Northern France Tourism : official website

A traditional ‘brouckailler’ (marsh dweller) house

The river Audomarois Marshes - Saint-Omer

For centuries, the water network of this huge unenclosed garden on the outskirts of Saint-Omer has offered a livelihood to generations of men and women; it is a fertile area being the only marsh in France that has always been cultivated; it is an island between the river and the sea, a sensitive and vulnerable landscape, listed by UNESCO. Visit it at the pace dictated by the flat bottomed marsh boats which are still built the traditional way by the marsh’s last boat builder.

The Audomarois marshes - a UNESCO site

What a history! Over a thousand years ago, Benedictine monks tamed this marsh into a green eden, linked to the sea by the Aa canal. Through drainage, and the subsequent drying out of the area, this hostile land covering 3, 730 hectares has become a bucolic, wild maze of waterways that is perfect to explore by boat. The ‘lègres’ (fertile and cultivated strips of land) are combined with ‘wateringues’ (waterways) which, if placed end to end, would make a single channel 700 km long. In 2008, the Audomarois marshes were included in the Ramsar Convention which aims to conserve wetlands. In June 2013, the marshes were awarded the ‘Man and Biosphere’ accreditation by UNESCO.

View of the ‘lègres’ - strips of land bordered by drainage ditches up to 300 metres long.
  • View of the ‘lègres’ - strips of land bordered by drainage ditches up to 300 metres long.
  • © Laurent BUT et Jean-Claude SADOINE
These waterways would make a single channel 700 km long if placed end to end.

A nature reserve in the heart of a park

The Audomarois marshes stretch over 15 communes in the heart of the Caps et Marais d'Opale Nature Park. Nature lovers will enjoy visiting the green oasis of the Romelaëre National Nature Reserve. Its hundred hectares of ponds (resulting from former peat bogs), reed beds, wetland meadows and marsh woodland are criss-crossed with raised walkways, making it perfect for families. Keep all your senses sharpened, ready to spot protected birds! These species all love this area, which has a unique biodiversity and is a migration corridor. From inside a hide, watch the ghostly silhouettes of cormorants perched on the stakes of an old dike. A timeless moment of magic - far from the hubbub of urban life!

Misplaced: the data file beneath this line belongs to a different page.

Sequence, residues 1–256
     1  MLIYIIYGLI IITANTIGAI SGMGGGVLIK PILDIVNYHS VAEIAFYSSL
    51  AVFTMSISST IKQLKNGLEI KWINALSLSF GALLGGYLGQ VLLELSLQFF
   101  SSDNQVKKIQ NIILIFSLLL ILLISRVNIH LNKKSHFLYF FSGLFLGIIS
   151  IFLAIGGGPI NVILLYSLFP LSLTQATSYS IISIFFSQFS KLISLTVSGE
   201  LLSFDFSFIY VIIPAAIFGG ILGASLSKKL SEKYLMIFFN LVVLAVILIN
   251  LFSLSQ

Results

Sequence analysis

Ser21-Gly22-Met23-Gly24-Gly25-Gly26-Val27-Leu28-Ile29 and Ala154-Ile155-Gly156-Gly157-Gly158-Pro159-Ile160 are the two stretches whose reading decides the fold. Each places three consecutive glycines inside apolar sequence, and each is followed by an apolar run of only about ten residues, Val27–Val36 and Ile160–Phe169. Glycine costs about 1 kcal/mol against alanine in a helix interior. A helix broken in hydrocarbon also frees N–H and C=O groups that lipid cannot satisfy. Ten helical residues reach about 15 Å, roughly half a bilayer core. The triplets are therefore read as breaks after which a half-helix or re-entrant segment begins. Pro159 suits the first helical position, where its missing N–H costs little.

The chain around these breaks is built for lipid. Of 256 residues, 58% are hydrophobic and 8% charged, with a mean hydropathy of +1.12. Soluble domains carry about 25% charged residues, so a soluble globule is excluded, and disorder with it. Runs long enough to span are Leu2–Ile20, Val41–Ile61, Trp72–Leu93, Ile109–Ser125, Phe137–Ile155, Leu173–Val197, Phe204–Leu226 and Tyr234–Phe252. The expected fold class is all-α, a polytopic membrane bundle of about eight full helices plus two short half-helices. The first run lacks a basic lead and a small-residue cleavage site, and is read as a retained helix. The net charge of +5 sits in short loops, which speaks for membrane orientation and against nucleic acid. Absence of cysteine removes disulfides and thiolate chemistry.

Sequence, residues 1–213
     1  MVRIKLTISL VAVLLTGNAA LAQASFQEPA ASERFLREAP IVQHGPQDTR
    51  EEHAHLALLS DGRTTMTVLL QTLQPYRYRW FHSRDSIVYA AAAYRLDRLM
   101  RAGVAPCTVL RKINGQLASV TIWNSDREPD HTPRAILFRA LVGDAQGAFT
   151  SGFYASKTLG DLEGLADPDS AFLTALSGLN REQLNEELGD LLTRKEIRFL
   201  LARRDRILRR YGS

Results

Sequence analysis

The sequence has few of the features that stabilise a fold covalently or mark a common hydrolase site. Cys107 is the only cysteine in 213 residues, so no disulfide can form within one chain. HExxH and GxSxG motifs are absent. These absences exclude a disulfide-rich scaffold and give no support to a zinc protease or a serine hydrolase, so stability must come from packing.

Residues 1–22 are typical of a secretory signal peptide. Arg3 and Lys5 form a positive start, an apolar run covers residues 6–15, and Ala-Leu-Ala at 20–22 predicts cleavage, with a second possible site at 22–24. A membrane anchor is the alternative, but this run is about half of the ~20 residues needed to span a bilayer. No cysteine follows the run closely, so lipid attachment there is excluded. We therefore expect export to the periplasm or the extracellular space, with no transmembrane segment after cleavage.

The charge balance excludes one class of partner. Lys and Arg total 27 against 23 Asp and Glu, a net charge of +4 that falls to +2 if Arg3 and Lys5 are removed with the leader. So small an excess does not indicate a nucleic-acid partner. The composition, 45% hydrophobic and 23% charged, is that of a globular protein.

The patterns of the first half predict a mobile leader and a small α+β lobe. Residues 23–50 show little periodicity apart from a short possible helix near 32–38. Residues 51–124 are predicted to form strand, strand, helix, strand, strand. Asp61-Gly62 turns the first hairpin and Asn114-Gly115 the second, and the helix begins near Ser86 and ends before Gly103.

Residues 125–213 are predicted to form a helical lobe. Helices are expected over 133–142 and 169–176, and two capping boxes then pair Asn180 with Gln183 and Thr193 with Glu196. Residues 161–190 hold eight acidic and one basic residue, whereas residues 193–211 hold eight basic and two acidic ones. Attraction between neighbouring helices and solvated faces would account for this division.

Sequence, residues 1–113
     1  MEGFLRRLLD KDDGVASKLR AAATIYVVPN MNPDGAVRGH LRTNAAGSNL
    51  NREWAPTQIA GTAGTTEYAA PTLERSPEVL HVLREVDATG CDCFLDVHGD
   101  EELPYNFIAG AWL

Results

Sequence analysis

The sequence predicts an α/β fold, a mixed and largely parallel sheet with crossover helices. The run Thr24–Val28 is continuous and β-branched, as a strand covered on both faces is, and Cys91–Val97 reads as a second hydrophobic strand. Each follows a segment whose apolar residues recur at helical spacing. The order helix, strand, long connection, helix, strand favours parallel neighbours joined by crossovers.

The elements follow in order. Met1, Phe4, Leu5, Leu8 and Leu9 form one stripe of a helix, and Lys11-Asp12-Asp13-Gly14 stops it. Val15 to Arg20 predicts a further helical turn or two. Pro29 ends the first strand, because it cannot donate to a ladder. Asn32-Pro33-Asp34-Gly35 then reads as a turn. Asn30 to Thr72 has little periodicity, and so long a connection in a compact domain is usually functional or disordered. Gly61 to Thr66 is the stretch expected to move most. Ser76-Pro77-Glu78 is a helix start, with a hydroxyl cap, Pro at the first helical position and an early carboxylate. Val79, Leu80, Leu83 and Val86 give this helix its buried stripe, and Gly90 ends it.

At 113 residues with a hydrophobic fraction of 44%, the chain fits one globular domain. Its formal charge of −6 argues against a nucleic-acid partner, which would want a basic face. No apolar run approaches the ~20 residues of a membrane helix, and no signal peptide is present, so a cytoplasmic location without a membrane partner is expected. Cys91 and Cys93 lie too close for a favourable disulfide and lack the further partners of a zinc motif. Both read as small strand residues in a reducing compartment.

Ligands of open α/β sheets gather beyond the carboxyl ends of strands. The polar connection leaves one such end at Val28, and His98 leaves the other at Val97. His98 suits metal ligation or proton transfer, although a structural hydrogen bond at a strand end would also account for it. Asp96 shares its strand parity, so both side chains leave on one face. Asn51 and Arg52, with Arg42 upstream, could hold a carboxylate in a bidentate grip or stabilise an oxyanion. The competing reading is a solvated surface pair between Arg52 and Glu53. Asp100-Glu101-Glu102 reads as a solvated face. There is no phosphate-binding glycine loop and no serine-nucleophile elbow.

The marshes are one of the largest wetland areas in the Nord-Pas de Calais region
  • The marshes are one of the largest wetland areas in the Nord-Pas de Calais region
  • © Christophe DUBOIS

Tour the only marsh that is still farmed in France

The marshes are cultivated across 440 hectares and provide work for about thirty market gardeners growing approximately 50 types of vegetables (endives, cauliflowers, carrots). Cauliflowers are the marshlands’ top crop with three and a half thousand heads produced each year. Sylvain Dewalle, a market gardener, does his best to keep this tradition alive which is so deeply rooted in the marshland. His family continues the long line of ‘brouckaillers’ “whose origins are lost in the mists of time”, he explains. So, before you leave Saint-Omer, stop at one of the many local roadside vendors. Or, visit the covered market in the new ‘Maison du Marais’. There is no better way to put something fresh on your plate than to choose from the local produce...

Cauliflowers are transported after harvest on a flat-bottomed ‘bacôve’ boat - the marshes tractor.
  • Cauliflowers are transported after harvest on a flat-bottomed ‘bacôve’ boat - the marshes tractor.
  • © Pascal MORES